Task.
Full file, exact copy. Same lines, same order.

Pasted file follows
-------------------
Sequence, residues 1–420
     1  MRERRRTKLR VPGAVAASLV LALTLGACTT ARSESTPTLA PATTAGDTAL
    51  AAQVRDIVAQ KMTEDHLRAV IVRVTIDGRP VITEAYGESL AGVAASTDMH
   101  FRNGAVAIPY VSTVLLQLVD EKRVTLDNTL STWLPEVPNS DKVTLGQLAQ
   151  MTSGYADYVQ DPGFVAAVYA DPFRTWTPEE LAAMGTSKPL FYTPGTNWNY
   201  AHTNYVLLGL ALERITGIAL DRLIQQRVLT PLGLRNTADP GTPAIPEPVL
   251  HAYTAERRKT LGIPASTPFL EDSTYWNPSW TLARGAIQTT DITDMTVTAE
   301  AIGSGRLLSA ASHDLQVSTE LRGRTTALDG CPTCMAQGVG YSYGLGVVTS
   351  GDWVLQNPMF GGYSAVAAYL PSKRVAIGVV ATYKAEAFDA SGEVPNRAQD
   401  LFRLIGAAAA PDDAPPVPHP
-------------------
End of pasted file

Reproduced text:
Sequence, residues 1–420
     1  MRERRRTKLR VPGAVAASLV LALTLGACTT ARSESTPTLA PATTAGDTAL
    51  AAQVRDIVAQ KMTEDHLRAV IVRVTIDGRP VITEAYGESL AGVAASTDMH
   101  FRNGAVAIPY VSTVLLQLVD EKRVTLDNTL STWLPEVPNS DKVTLGQLAQ
   151  MTSGYADYVQ DPGFVAAVYA DPFRTWTPEE LAAMGTSKPL FYTPGTNWNY
   201  AHTNYVLLGL ALERITGIAL DRLIQQRVLT PLGLRNTADP GTPAIPEPVL
   251  HAYTAERRKT LGIPASTPFL EDSTYWNPSW TLARGAIQTT DITDMTVTAE
   301  AIGSGRLLSA ASHDLQVSTE LRGRTTALDG CPTCMAQGVG YSYGLGVVTS
   351  GDWVLQNPMF GGYSAVAAYL PSKRVAIGVV ATYKAEAFDA SGEVPNRAQD
   401  LFRLIGAAAA PDDAPPVPHP